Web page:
What is a premium subsidy and how do I get financial help during open enrollment?
Premium subsidy rules are designed to ensure that subsidy-eligible individuals won’t pay more than 8.5% of their household income in premiums for the benchmark (second-lowest-cost Silver) plan in the Marketplace.7 (The percentage of household income that people are expected to pay can be much lower – as low as 0% – depending on their income.)7
You can use our subsidy calculator to get an idea of whether you’re eligible for premium subsidies, and if so, how much those subsidies could be.
Premium subsidies are a refundable tax credit.8 You may qualify for a subsidy based on your projected household income for the year you apply for coverage. And then you’ll need to reconcile that with the IRS when you file your tax return for that year, based on your actual income.9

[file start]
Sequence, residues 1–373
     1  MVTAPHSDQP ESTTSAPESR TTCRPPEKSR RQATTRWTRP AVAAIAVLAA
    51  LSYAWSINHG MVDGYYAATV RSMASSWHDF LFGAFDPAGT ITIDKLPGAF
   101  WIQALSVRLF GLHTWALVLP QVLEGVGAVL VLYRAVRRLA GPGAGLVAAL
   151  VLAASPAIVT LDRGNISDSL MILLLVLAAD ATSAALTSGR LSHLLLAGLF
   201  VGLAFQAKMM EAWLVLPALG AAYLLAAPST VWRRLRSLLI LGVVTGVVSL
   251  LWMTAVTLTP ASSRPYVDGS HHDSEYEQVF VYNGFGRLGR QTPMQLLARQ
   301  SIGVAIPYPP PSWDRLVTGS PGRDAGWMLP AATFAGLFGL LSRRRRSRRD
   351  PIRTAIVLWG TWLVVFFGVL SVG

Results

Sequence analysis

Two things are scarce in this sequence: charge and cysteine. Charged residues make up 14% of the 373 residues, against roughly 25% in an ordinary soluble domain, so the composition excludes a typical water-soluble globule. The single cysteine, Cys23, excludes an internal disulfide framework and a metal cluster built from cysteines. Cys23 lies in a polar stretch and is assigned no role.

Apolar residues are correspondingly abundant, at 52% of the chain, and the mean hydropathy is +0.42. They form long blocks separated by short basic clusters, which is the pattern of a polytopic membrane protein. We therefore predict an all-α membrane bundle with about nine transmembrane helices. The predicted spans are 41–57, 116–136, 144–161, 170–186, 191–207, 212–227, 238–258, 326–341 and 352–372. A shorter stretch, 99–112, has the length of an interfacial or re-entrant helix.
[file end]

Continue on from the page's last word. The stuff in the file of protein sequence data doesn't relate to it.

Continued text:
Marketplace cost-sharing reductions (CSR)10 are another type of Obamacare subsidy. CSR assistance is designed to ensure that people with low to moderate incomes can afford to receive health care services. (And enrollees who qualify for CSR will often also qualify for premium subsidies.)
CSR subsidies result in lower out-of-pocket costs, including lower deductibles and copays. For applicants with eligible incomes, these subsidies are automatically incorporated into all of the available Silver-level plans. But if you’re eligible for CSR subsidies and you buy a metal plan other than a Silver plan, you’ll forfeit this advantage
In addition to federal premium subsidies and CSR subsidies, some state-run Marketplaces offer their own subsidies.